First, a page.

Olight M2T Warrior (XHP35, 1x18650) [Short Review]

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somnambulism
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Olight M2T Warrior (XHP35, 1x18650) [Short Review]

I got my brand-new Olight M2T “Warrior” a couple of days ago, and since I don’t see anybody else’s review I decided to make a post of my own about it.

I don’t have an integrating sphere or anything, so I can’t give you lumen readings. And I do have a multimeter, but it’s not a clamp meter so I don’t necessarily trust it for high amp readings, but I measured 9mA 55µA standby current at the tailcap. It does get pretty damn bright, though. I didn’t notice PWM in any mode (and I tend to be pretty sensitive to it), which is a definite plus. The modes are generally well-spaced, but I wish low were just a smidge closer to moonlight. It’s not terrible where it is, though. It does have LVP; when I tested it with an unprotected cell, it measured 2.6V after the light finally shut off.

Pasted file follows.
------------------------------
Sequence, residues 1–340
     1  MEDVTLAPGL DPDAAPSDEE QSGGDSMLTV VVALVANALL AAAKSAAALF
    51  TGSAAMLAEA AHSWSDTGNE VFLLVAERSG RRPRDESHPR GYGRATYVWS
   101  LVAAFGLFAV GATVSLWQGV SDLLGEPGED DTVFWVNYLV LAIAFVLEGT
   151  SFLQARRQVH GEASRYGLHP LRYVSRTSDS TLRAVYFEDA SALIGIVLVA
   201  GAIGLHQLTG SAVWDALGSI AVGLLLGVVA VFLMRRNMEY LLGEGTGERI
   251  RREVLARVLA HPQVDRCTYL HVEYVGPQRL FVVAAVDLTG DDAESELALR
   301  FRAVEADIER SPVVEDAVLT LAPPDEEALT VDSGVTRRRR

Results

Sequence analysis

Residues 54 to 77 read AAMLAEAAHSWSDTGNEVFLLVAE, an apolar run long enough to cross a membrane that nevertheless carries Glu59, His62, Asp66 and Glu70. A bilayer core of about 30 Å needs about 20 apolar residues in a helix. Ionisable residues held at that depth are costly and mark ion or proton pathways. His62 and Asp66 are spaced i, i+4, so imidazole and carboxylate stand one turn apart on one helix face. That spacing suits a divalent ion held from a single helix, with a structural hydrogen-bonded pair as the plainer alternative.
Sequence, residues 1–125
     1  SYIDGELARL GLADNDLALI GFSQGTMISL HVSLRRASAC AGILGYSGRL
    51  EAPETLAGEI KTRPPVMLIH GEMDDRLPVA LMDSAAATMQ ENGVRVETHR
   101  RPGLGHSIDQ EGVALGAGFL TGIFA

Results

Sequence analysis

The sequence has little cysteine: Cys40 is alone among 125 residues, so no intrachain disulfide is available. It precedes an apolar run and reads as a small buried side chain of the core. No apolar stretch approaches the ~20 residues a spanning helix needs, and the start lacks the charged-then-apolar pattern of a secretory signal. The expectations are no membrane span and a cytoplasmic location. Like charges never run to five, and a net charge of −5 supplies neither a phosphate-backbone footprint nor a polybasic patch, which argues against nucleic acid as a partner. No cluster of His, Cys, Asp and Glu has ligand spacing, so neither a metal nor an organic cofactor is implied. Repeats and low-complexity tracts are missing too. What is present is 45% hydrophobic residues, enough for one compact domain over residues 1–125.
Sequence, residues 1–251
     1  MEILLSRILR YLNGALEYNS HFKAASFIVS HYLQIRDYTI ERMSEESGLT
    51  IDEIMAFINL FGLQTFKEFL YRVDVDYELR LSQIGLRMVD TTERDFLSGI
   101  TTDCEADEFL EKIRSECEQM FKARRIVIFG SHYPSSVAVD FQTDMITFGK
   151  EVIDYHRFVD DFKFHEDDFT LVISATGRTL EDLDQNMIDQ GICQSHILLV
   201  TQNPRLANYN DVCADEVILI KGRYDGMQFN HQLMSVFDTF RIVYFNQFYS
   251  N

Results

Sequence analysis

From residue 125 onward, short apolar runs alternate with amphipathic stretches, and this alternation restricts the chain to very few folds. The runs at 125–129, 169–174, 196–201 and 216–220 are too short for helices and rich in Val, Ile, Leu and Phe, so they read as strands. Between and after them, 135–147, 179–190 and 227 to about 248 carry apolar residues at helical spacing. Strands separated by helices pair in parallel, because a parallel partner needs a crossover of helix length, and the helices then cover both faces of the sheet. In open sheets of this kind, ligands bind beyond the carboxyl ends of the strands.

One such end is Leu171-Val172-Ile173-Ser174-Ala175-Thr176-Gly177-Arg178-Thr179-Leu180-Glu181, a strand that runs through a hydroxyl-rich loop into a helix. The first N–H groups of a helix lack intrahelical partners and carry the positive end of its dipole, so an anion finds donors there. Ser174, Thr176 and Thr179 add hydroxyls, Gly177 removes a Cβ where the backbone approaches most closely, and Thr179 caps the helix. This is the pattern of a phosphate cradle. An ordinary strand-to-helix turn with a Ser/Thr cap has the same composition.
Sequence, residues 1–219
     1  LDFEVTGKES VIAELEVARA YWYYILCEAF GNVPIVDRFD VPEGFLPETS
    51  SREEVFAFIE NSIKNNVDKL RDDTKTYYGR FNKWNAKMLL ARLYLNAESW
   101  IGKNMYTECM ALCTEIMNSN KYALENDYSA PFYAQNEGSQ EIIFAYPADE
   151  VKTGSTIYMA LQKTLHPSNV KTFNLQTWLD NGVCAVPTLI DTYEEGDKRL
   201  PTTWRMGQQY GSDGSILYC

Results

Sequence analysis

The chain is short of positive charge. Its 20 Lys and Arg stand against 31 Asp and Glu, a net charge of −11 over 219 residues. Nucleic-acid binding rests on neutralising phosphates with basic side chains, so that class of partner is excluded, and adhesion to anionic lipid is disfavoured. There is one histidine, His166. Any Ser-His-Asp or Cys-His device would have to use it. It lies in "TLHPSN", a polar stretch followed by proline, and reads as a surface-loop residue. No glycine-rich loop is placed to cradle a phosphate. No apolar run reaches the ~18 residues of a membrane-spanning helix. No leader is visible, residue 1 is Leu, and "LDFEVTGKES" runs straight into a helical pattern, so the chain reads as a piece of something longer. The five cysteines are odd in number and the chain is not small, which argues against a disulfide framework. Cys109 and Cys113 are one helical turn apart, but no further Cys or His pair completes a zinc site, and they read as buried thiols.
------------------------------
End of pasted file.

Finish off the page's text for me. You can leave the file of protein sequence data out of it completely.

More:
Anyway. First off, here’s a glamour shot of it reclining.

You can see the protruding tail switch (this light will not tailstand); the side switch (there’s a red LED behind the “pupil” in the center of the side switch); the bezel, with a color to match the ring around the side switch; the even and glossy anodizing; the crisp printing. I didn’t take a picture of the other side of the light, but you’d see that the clip is the “bidirectional” kind, and there’s an indicator on the tailcap that the positive terminal of your battery faces the tail. Also not shown is the packaging, or the two CR123As in a little sleeve that came installed in the light.

Here’s a size comparison with a few other 1×18650 lights I had lying around. From left to right: Sofirn SP31, Olight M2T, Olight S2 Cu, Emisar D4.

Camera tricks notwithstanding, the SP31 is ever-so-slightly longer than the M2T. And the M2T is clearly much larger than the S2, though their side switches behave quite similarly.

The business end of the light, with an OP reflector and a well-centered XHP35: